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Introduction: Credit in Central European historiography
The study of public finances has received considerable attention during the last decade because of its key role in European state formation by serving as an instrument to extract the capital needed for the realization of political goals from the economic systems that formed the base of all public finances. In this respect, it is worth mentioning the book by David Stasavage (2011) who made a valuable contribution to the debate on the emergence of public credit as a decisive element in the state formation processes that took place in late medieval and early modern Europe. In his work, Stasavage emphasizes the importance of geographic scale of political units and the form of political representation within polities for the access to capital markets and thus the possibility to create funded public debt in order to finance the consolidation or expansion of their relative position within political networks and regions. According to him, the foundation of the public debt was provided by the fiscal revenues originating from direct or indirect taxation.
He argues that intensive forms of representative assemblies facilitated the emergence of such a system. Assemblies did this by both monitoring and modifying expenditures and by helping guard the interests of state creditors. The existence of these credit-friendly assemblies, in turn, was facilitated by two conditions: first, limited geographic size; and, second, the presence of a group of politically influential merchants. Both of these conditions were most common in western European city-states.
Wim Blockmans (1997) pointed out in this debate the importance of scale and timing with respect to local political representative structures. He showed that in the larger Flemish cities such as Ghent or Bruges, the participation of middle classes in town governments and thus control over public finances developed in an earlier stage (the 14th century), whereas these developments in less urbanized regions with smaller urban populations such as Holland and Guelders, which were part of the Holy Roman Empire at that time, did not occur until the 15th century. In this way, it can be stated that the position of urban elites influenced the management of urban finances at large, and urban fiscal systems in particular. The degree to which urban elites were able to monopolize urban government was also determining the room left for other intermediaries to have a say in the financial polities of a town and to function in the management of the fiscal systems that were the basis of most urban finances. The socio-political backgrounds and the interplay between the political elites, urban officials, and tax farmers are thus an important topic for knowledge of the intricate mechanisms which are at the crossing point of the economic, social, political, and financial developments in the late-medieval urban society.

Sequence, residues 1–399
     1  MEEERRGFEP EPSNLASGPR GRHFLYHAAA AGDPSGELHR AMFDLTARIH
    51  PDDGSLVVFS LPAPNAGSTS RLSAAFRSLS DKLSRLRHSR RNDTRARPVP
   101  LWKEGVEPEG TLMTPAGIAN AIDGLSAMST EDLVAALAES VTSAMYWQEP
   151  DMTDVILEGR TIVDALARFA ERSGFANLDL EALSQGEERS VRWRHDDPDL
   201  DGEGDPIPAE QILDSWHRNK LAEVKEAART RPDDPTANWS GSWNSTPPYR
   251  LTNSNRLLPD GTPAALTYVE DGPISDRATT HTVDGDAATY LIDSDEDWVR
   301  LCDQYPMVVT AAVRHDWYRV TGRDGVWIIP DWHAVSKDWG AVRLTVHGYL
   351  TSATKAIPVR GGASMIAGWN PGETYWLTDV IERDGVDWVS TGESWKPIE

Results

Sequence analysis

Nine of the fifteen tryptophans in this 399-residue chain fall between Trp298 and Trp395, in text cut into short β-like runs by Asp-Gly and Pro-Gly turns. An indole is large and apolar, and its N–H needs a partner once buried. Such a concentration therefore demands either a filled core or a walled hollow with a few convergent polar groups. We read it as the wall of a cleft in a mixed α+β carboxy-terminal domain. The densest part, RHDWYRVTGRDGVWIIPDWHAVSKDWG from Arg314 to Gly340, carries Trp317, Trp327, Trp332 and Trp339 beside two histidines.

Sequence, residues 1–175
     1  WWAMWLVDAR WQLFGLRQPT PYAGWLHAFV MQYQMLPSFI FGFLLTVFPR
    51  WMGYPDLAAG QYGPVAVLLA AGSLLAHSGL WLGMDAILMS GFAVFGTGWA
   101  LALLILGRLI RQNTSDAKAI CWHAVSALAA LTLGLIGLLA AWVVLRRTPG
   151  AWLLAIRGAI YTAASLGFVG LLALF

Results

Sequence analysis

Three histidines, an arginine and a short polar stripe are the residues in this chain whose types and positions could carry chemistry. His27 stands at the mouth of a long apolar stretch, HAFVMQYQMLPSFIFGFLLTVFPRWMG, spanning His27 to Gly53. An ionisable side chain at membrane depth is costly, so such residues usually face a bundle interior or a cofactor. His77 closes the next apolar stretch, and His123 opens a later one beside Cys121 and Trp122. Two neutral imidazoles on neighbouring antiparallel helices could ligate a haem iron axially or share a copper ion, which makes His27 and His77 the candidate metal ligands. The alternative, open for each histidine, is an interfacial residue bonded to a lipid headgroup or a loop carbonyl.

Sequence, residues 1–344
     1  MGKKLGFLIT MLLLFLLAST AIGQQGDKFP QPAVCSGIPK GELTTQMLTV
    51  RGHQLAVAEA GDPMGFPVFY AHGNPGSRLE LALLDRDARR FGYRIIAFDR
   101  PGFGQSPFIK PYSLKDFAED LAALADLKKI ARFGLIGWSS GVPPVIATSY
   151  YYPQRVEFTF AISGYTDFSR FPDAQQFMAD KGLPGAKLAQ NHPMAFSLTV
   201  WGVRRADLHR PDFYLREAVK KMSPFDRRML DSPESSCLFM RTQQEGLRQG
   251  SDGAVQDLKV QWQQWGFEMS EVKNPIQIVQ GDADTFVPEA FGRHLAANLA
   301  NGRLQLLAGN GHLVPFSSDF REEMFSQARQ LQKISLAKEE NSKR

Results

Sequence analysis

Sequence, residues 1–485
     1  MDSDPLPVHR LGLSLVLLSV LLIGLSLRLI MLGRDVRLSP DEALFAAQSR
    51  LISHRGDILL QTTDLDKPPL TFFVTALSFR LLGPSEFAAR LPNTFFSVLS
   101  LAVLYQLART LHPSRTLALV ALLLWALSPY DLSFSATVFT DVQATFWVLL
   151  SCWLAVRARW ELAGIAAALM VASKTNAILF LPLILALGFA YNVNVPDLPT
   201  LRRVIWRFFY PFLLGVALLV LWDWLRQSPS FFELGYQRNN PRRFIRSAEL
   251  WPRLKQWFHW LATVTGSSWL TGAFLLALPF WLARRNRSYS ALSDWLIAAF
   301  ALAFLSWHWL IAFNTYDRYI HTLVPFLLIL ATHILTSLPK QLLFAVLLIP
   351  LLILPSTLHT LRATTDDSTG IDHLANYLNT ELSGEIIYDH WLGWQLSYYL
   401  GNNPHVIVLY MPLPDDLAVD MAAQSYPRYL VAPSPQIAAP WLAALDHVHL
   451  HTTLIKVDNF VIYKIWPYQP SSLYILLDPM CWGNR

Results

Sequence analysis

In the 15th century, the importance of urban middle classes as tax-farmers started to grow; they increasingly gained influence on the financial and fiscal regime, both through political emancipation as well as by serving as financial officials. They also demanded more insight in the financial management, both of indirect taxation and the management of urban debt. They were given a central role in the financial reforms necessary to face the growing tension between economic stagnation and the financial demands. In this way, the impact of these socio-political changes on the management of the urban fiscal systems can be displayed.
The concept of a financial crisis has recently been addressed by what is now known as the ‘New fiscal history’. The emergence of public finance, fiscal systems, and the creation of public debt are at the heart of these discussions. In this sense, a financial crisis occurs when expenditure structurally outweighs the normal revenues from taxation and the ability to borrow money in order to meet current financial obligations (Bonney 1995, pp. 5-8). The 15th century is generally seen as a period of structural political and economic crisis (Van Uytven 1975; Smahel 2002). This crisis also had consequences for urban public finance and its management. Each town within the Empire had to pay a fixed percentage of the total tax sum of central direct taxation through a system of repartition and so the increased tax burden had forced several towns to sell annuities on an unprecedented scale because these sums were paid directly through the urban finances (Blockmans 1999, pp. 287, 297-304). Thus, central direct taxation indirectly tapped into the financial resources of the towns which, in turn, led to an ever growing pressure on the urban finances causing an increase of urban indirect taxation to cover the funded debt caused by these annuity sales.